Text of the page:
Next gen UI

Overhaul vs continuity – PS5 and Xbox Series X’s differing approaches to next-gen UI

We’ve now seen both the devices that will play host to your titles over the next generation. But the design of the interface, and the placement and design of the store in particular, will be of far more interest to developers and publishers than the shape of the console’s plastic casing.

So it was interesting to see some, unofficial, updates on both devices lately. That make very clear the stark differences between the approaches of the two platforms.

First up is Matt MacLaurin, VP of UX Design at PlayStation, who made a number of comments (now deleted) in response to questions posed on Linkedin (thanks to Resetera user Toumari for these).

MacLaurin noted that the PS5 will come with a “100 per cent overhaul of PS4 UI and some very different new concepts”. He noted that his team was “largely cleaning up core functionality, but some key new bets [bits? or beats?] that you’ll see soon.”

“As it’s UI it’s practical first, but it’s a while new visual language and a complete rearchitecting of the user interface… very few pixels left from PS4 gen,” MacLaurin continued.

PS5 UI
All we’ve seen so far of the new PS5 UI

It’s not a huge surprise to discover that Sony is creating a new user interface for the new console, after all it reworked the user interface between the PS3 and PS4 (previously there wasn’t much UI to speak of really). However, given the greater continuity, with broad backwards compatibility, it was possible that the UI would be more gently evolved, that doesn’t now seem to be the case.

At present the PlayStation Store sits largely outside of the rest of the interface on the PS4. It’s neatly sectioned away, something that a number of publishers have complained about to us in the past, thinking it should be better integrated into the UI, in order to promote new releases and offers without players having to navigate to it, and/or it should load far faster.

“A complete rearchitecting of the user interface… very few pixels left from PS4 gen”

Whether those wishes come true for the new console, as we are far further down the road of digital adoption, remains to be seen, but it would be number one on much of the industry’s wishlist for a new PS5 UI.

Over on the Xbox side, we have a tweet from The Verge’s Tom Warren, that looks to confirm what we long suspected, that the Xbox UI will be unchanged for the new console.

“I can confirm the Xbox Series X dashboard will be the same as the Xbox One. Microsoft is adding some additional stuff in for the console features, but the UI and dash will be the same. Speed and perf[ormance] will also be improved… I think it’s a good thing that the Xbox dashboard is aligned on Xbox One and Xbox Series X. There will be improvements in the coming months, and there’s a new Store app on the way. Things have been gradually improving on the dash, and will continue to do so.”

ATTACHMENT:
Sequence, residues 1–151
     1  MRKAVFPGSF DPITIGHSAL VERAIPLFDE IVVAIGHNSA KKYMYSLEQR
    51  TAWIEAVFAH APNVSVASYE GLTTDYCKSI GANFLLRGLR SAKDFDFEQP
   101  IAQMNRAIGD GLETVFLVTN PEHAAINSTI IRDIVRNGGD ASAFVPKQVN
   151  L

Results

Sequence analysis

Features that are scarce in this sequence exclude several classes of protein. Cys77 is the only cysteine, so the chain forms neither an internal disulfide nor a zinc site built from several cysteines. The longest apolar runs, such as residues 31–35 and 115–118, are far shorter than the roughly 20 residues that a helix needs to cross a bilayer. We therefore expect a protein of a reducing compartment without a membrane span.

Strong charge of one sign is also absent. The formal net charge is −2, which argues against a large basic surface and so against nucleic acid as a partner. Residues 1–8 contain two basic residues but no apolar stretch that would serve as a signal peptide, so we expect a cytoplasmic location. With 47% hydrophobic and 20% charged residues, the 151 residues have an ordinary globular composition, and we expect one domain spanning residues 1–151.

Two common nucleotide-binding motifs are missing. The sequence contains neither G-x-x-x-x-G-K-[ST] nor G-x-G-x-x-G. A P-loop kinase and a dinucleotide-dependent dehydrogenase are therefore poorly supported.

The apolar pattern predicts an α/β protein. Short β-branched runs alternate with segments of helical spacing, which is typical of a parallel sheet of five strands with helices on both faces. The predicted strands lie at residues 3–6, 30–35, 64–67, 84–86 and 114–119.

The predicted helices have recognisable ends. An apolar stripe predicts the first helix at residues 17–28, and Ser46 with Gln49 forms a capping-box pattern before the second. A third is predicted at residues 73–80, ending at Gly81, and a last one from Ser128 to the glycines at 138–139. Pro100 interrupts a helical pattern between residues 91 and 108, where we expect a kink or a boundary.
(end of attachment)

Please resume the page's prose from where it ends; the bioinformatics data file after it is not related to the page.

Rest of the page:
Microsoft’s adherence to a continuity approach is unsurprising given its service-driven approach with Game Pass and Xbox Live, along with its early and strong stance on backwards compatibility and forward compatibility with Smart Delivery. Moving from one Xbox to another, even in say your own household should feel seamless.

The Xbox has in the past better-integrated its store into the UI, and the new version, which has been previewed on PC, but Microsoft seem unwilling to speak about at all at present, has a simple button to access it, but it loads instantly, as you can see here (video starts at the right point).

I don’t think there’s a right approach here, both Sony’s revolution and Microsoft’s continuity approach make sense for their own strategies. That said, as with so much in the run-up to the next-generation, Microsoft has put me at ease by showing what it intends, while the placement and integration of the PlayStation store remains a mystery for now.

About Seth Barton

Seth Barton is the editor of MCV – which covers every aspect of the industry: development, publishing, marketing and much more. Before that Seth toiled in games retail at Electronics Boutique, studied film at university, published console and PC games for the BBC, and spent many years working in tech journalism. Living in South East London, he divides his little free time between board games, video games, beer and family. You can find him tweeting @sethbarton1.

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